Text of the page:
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Now here's a particularly evocative line...

"Some of the rejuvenated cells grew into new mice, demonstrating the cells' ability to create every type of tissue in the body."

From the LA Times, June 7...

Ordinary cells reprogrammed to mirror stem cells

Scientists have succeeded in reprogramming ordinary cells from the tips of mouse tails and rewinding their developmental clocks so they are virtually indistinguishable from embryonic stem cells, according to studies published today.

If the discovery applies to human cells — and researchers are optimistic that it will — it would offer a straightforward method for creating a limitless supply of cell lines tailor-made for patients without ethical strings attached.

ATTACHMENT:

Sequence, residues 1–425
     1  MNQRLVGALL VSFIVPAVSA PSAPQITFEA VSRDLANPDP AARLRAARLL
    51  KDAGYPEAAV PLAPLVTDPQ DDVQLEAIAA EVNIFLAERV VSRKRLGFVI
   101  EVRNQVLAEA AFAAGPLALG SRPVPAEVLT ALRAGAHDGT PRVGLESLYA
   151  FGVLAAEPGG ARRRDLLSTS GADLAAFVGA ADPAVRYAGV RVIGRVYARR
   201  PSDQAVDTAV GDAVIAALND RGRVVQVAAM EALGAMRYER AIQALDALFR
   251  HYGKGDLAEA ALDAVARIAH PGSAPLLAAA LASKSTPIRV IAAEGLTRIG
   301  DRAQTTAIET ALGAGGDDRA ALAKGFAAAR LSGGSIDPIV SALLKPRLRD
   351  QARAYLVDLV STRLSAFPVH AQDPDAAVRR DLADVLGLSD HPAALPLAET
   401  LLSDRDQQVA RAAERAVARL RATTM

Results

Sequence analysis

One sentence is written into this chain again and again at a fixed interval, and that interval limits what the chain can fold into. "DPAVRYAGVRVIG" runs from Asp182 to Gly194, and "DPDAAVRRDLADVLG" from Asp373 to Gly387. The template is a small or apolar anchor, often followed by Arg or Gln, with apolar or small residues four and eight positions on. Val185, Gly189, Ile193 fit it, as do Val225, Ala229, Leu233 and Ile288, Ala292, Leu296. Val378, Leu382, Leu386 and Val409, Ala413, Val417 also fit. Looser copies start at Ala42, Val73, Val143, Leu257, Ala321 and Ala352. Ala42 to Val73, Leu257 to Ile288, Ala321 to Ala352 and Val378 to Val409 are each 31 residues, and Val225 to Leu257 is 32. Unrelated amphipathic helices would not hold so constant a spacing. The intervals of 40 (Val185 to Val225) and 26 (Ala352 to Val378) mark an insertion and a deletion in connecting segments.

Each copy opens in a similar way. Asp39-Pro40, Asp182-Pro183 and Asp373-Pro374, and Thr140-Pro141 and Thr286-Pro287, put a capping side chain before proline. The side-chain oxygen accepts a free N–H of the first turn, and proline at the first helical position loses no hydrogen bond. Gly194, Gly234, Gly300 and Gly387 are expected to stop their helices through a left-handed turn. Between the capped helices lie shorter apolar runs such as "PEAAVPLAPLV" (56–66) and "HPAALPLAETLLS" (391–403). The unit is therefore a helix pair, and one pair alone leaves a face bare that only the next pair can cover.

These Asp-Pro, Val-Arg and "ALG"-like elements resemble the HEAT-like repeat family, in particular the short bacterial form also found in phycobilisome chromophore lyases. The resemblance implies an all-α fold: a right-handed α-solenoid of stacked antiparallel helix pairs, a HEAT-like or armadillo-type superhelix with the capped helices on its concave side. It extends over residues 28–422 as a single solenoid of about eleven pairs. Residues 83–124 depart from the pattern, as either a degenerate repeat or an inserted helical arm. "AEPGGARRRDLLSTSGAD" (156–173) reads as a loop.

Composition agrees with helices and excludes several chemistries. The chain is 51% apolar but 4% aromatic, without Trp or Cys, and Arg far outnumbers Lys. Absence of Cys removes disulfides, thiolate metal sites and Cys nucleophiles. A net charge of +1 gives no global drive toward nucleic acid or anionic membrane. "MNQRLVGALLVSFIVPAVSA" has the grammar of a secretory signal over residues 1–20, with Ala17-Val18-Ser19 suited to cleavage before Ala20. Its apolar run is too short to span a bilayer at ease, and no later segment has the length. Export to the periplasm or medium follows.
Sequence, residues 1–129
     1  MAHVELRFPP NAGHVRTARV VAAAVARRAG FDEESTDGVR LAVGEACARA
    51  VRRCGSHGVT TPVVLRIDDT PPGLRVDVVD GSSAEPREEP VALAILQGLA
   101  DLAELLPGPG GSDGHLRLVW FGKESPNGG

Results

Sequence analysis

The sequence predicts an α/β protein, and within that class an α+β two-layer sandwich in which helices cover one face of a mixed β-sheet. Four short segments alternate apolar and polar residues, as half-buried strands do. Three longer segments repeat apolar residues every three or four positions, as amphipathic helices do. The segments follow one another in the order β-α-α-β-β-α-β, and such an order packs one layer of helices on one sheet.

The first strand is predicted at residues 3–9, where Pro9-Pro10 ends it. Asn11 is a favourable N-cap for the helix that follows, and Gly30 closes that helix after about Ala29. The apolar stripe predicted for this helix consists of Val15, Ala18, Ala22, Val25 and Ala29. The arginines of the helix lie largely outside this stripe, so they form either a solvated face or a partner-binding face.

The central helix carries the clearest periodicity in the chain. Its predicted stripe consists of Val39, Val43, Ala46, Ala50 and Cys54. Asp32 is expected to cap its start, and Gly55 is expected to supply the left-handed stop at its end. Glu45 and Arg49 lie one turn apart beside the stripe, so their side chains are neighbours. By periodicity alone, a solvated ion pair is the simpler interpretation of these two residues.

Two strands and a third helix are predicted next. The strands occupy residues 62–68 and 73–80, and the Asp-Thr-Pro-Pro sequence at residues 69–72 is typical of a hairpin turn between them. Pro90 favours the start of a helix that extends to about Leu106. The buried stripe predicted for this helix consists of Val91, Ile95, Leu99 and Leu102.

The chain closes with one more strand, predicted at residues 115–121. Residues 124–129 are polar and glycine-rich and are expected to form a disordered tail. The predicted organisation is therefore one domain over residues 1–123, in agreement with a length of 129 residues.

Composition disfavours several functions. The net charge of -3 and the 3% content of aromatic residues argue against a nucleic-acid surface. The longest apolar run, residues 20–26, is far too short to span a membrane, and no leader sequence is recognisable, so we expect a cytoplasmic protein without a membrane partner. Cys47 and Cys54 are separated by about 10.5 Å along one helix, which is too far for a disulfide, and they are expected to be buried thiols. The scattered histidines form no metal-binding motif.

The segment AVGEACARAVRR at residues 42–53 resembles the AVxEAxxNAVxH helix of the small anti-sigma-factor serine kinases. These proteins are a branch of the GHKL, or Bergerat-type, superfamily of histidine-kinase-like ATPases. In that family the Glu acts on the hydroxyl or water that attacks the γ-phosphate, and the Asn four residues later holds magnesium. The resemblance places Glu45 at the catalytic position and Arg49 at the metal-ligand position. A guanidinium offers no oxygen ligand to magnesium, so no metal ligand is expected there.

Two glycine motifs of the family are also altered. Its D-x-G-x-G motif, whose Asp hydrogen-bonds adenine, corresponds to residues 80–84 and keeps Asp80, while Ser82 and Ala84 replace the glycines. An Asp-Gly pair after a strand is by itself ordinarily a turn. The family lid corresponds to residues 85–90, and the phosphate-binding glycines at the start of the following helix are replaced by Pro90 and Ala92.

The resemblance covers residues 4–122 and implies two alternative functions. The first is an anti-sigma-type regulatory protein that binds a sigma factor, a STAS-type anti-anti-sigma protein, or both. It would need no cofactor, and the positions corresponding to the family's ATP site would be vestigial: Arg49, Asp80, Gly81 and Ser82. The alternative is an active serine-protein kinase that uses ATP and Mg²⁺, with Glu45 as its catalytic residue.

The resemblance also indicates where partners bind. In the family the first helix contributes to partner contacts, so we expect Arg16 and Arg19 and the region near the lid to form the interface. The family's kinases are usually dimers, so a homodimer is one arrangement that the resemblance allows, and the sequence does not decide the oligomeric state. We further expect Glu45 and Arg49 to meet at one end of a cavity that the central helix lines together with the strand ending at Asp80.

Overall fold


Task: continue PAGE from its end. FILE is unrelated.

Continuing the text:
(See the link for the rest of the article)

The article runs mostly about the uses of stem cells, but I can't help wondering about those new mice... We may be closer to the days of growing new organs for those who need transplants than it appeared. Wonder how close we are to the days of repairing 'em in situ... 20-30 years? Less?


( 2 comments — Leave a comment )
Jun. 8th, 2007 03:08 pm (UTC)
I'm going to wait for the long-term results, though. Remember Dolly? Great initial results, major long-term problems. New organs aren't much help if they go haywire 3-5 years down the road.
Jun. 9th, 2007 05:13 am (UTC)
True, and you'll note I'm talking about multiple decades here to the desired result. As opposed, to, say, half a century?
( 2 comments — Leave a comment )